Former Hillcrest football star makes collegiate waves on, off field
Dec 01, 2016 03:11PM ● Published by Travis Barton
Andy Harris intercepts the ball against nationally ranked Linfield College (Ore.) on Oct. 8. Harris was named to the academic all-district team. (Tanner Boyle/Pacific University)
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By Travis Barton | email@example.com
Andy Harris, a former Hillcrest football player, was named to the College Sports Information Directors of America (CoSIDA) Academic All-District Football team for the second straight year. Harris is a senior defensive back at Pacific University in Forest Grove, Ore. Harris was also named to the all-Northwest Conference second team for his efforts on the field.
The academic award is given to the nation’s top student athletes for their combined performances both athletically and academically. It’s chosen by sports information directors across the nation.
“It’s always exciting to be recognized for doing anything well, no matter if it’s the first, second however many times you get it,” Harris said.
A three-time Northwest Conference Scholar-Athlete and four-time member of the Pacific University Dean’s List, Harris holds a 3.89 grade point average as an accounting/finance major. He also co-authored a research paper with one of his professors that was published in “The Review of Business Journal.”
“For all the effort he puts in both academically and athletically, it’s just a thrill for us [as parents] to see him recognized for that hard work,” said Mike Harris, Andy’s father.
Andy has played football since he was 11 and Mike said they tried to instill in their son the relationship between the two fields.
“Good grades will get you the opportunity to play football,” Mike said.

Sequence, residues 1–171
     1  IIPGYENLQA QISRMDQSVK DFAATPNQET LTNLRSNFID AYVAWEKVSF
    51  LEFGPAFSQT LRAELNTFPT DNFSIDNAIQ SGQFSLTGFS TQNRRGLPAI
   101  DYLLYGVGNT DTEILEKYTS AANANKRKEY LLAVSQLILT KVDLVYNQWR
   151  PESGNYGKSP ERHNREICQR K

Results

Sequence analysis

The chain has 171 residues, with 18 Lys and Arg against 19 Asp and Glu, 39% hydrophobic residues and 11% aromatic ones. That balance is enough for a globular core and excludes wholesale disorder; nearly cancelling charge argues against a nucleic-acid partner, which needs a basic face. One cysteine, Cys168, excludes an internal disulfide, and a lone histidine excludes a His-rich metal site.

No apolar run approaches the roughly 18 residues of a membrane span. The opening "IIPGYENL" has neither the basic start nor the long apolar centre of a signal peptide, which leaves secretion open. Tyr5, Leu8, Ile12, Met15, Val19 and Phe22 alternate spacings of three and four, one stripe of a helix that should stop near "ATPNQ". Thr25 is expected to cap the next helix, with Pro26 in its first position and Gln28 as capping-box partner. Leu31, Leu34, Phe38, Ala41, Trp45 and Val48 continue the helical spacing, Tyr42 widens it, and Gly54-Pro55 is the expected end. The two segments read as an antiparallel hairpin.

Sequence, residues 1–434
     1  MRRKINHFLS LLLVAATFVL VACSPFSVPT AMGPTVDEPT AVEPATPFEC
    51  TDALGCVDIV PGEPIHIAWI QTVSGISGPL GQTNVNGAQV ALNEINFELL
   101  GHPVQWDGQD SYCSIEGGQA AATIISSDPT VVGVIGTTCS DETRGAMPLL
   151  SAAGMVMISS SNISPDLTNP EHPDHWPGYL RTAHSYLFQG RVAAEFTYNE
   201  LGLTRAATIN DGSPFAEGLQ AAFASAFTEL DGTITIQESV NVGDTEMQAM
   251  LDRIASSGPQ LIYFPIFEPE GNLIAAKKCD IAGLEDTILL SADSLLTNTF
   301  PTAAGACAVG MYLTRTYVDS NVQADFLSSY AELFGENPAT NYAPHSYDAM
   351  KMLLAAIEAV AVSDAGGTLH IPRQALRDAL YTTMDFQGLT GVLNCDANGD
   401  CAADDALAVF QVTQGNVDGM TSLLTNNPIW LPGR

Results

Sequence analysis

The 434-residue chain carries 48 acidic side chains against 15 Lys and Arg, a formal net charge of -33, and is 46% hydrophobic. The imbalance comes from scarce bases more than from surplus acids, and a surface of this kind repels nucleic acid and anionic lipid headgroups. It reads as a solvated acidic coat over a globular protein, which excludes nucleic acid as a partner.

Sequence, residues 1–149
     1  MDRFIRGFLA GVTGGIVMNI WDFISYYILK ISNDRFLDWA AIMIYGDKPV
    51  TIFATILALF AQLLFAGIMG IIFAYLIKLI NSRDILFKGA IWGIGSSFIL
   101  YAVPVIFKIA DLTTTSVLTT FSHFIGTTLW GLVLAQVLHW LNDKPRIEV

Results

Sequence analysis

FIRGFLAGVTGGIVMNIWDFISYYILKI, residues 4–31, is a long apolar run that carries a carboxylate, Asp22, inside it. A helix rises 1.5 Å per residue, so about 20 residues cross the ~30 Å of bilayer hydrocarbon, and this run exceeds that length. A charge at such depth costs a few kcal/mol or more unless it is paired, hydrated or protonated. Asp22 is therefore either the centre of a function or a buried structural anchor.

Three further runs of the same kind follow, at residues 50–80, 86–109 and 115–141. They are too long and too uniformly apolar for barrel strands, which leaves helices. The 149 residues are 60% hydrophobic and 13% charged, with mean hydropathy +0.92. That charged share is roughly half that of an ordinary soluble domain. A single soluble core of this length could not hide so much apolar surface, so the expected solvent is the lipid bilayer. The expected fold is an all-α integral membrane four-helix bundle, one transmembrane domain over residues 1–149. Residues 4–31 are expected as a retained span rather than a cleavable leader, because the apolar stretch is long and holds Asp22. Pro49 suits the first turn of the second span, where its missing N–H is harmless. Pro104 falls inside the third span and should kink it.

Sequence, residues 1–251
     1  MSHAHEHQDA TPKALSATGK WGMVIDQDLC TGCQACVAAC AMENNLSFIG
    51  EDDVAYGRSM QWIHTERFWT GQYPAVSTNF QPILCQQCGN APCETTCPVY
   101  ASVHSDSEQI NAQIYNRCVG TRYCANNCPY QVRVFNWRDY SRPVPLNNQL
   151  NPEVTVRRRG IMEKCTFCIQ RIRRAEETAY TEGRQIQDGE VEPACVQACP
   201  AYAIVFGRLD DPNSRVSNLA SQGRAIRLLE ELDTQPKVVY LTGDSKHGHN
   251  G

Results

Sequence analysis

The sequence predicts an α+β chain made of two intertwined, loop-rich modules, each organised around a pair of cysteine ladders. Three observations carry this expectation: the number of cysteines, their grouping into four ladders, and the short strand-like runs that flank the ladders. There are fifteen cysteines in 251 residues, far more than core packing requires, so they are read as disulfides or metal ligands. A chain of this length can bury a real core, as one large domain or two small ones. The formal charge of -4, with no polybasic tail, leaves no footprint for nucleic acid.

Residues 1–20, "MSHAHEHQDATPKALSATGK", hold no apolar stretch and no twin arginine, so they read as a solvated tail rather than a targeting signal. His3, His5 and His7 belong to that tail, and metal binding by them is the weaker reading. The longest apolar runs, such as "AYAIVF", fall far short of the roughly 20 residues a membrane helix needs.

Living the life of a student-athlete can be time consuming. With mandatory practices and team meetings, Andy said balancing his life both inside the classroom and on the field requires time management.
“It’s mostly about making sacrifices, maybe not doing the fun stuff that you want to do…it’s just sacrificing some of those activities to make sure school work gets done,” Harris said.
Coming to college and being on your own naturally presents varying choices. It’s important for incoming student athletes, Harris said, to remember the priorities that got you there — academics and athletics.
“You can go a bunch of different routes [in college] but you need to maintain the things that are most important,” Harris said. He added that social distractions can be the common noise to divert attention away from those priorities.
While Harris has always been a good student GPA-wise, it wasn’t until he returned from serving a two-year LDS mission to San Antonio, Texas that he developed the academic focus that he has now.
“He’s a humble kid, he leads by example and he just works hard and I think that’s the most important thing,” Mike said.
His work ethic is not limited to the classroom, through eight games in the 2016 season, Harris had 20 tackles, eight pass breakups and 10 pass deflections. The cornerback became the first Pacific Boxer football player in over three years to have two interceptions in one game when he did so against nationally ranked Linfield (Ore.).
In Andy’s four years at Pacific, his parents have missed a total of four games. “We’ve been fortunate and blessed to watch him grow and progress,” Mike said. He noted the challenge it was for Andy to transition to collegiate athletics.
“At every other level he’s always been able to step and perform well, but he really had to work hard,” Mike said.
Coming to Pacific University afforded Andy opportunities he might not otherwise enjoyed had he chosen not to pursue an athletic career at a smaller school.
Athletically Andy was able to “learn more of the fundamentals of football and gain a greater appreciation especially spending so much time with it.” While academically he said he enjoyed smaller class sizes and more one-on-one time with professors.
“It’s really been an experience that’s shaped a future for me,” Andy said. With the help of his professors and coaches, Andy said he discovered his affinity for business and financial analytics.
“I really gained a passion for it and I feel like it’s something I could enjoy doing for the rest of my life,” Andy said.
As for his future, Andy said he’s keeping his options open. Graduate and Ph.D. programs are being considered as well as different career choices in the financial industry and a professorship.
“Hopefully the competitiveness that he’s learned…he’ll carry on with it and it’ll help in whatever he chooses to do moving forward,” Mike said.